A Painful Choice

Future American operations present numerous risks.

The symbol: A few hours before the 13th-anniversary ceremonies of the Sept. 11, 2001 attacks, Barack Obama has not announced the end of the war against terrorism, as he would have liked to one day. He presented the American people with his strategy for fighting against the Islamic State in Iraq and Syria.

For the Democrat and Nobel Peace Prize winner, who hoped to leave a trace in history as the president who ended the Afghanistan and Iraq wars, this is a significant step. It results from the conclusion that if the jihadis of the Islamic State already represent a serious threat to the Middle East, they could soon strike the U.S.

Barack Obama has been pushing back the expiration date of the scaling operation. Pressed by the security experts in Washington, he finally accepted putting America back on a war footing, with the help of European and especially Arab allies to avoid giving the impression of leading a crusade against Islam.

For Barack Obama, whose rational and deliberate decision-making process is not always in line with the political tempo, choosing to intervene more massively does not respond to an ideology. We are not reliving a neo-conservative remake of March 2003. The previous American ambassador, Ivo Daalder, proclaims: “People may criticize him for being too cool, too calm, too collected at times. But those are great characteristics for a president confronting big security challenges.”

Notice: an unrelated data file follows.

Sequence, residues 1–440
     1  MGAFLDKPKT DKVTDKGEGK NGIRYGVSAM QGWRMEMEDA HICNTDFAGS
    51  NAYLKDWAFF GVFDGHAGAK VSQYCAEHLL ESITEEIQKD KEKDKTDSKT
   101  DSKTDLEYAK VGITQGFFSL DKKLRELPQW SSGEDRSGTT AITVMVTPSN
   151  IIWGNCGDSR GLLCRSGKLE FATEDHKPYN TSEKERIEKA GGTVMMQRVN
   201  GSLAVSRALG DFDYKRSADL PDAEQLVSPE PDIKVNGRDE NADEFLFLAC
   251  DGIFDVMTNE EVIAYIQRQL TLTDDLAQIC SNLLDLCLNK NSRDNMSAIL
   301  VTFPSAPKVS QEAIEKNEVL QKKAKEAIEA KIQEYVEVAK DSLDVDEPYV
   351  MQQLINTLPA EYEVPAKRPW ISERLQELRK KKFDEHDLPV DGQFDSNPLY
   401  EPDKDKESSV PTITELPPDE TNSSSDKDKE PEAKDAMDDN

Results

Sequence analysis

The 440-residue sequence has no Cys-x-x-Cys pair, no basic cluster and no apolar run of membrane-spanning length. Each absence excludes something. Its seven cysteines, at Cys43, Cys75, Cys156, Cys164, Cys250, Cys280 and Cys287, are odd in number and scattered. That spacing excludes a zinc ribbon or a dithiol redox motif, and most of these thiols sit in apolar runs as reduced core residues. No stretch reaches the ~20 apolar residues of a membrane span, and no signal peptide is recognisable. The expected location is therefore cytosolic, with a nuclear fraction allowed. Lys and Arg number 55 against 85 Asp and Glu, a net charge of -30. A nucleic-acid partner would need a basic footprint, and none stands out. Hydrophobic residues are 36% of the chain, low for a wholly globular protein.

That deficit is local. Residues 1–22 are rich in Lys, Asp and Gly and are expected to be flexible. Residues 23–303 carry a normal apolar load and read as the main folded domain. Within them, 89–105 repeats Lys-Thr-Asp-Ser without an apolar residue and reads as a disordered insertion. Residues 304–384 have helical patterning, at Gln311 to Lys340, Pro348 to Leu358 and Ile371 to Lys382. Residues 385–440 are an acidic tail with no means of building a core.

Future American operations, however, present numerous risks. In Syria, besides the danger of intervening in a civil war and playing the game of tyrant Bashar al-Assad, the U.S. Air Force will have a difficult time counting on ground support from a moderate opposition that won’t measure up against the Islamic State.

As for the American public, it will undoubtedly be necessary to prepare: The fight against jihadism could last for years, maybe even for a generation.

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